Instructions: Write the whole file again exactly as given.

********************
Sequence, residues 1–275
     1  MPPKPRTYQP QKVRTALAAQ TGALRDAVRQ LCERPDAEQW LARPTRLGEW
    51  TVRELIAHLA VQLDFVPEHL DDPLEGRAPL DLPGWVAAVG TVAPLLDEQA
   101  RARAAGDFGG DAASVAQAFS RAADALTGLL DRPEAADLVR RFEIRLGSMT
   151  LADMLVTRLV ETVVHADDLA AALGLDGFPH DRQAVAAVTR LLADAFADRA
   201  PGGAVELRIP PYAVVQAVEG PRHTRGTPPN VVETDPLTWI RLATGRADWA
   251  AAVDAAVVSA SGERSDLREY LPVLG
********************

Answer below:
Sequence, residues 1–275
     1  MPPKPRTYQP QKVRTALAAQ TGALRDAVRQ LCERPDAEQW LARPTRLGEW
    51  TVRELIAHLA VQLDFVPEHL DDPLEGRAPL DLPGWVAAVG TVAPLLDEQA
   101  RARAAGDFGG DAASVAQAFS RAADALTGLL DRPEAADLVR RFEIRLGSMT
   151  LADMLVTRLV ETVVHADDLA AALGLDGFPH DRQAVAAVTR LLADAFADRA
   201  PGGAVELRIP PYAVVQAVEG PRHTRGTPPN VVETDPLTWI RLATGRADWA
   251  AAVDAAVVSA SGERSDLREY LPVLG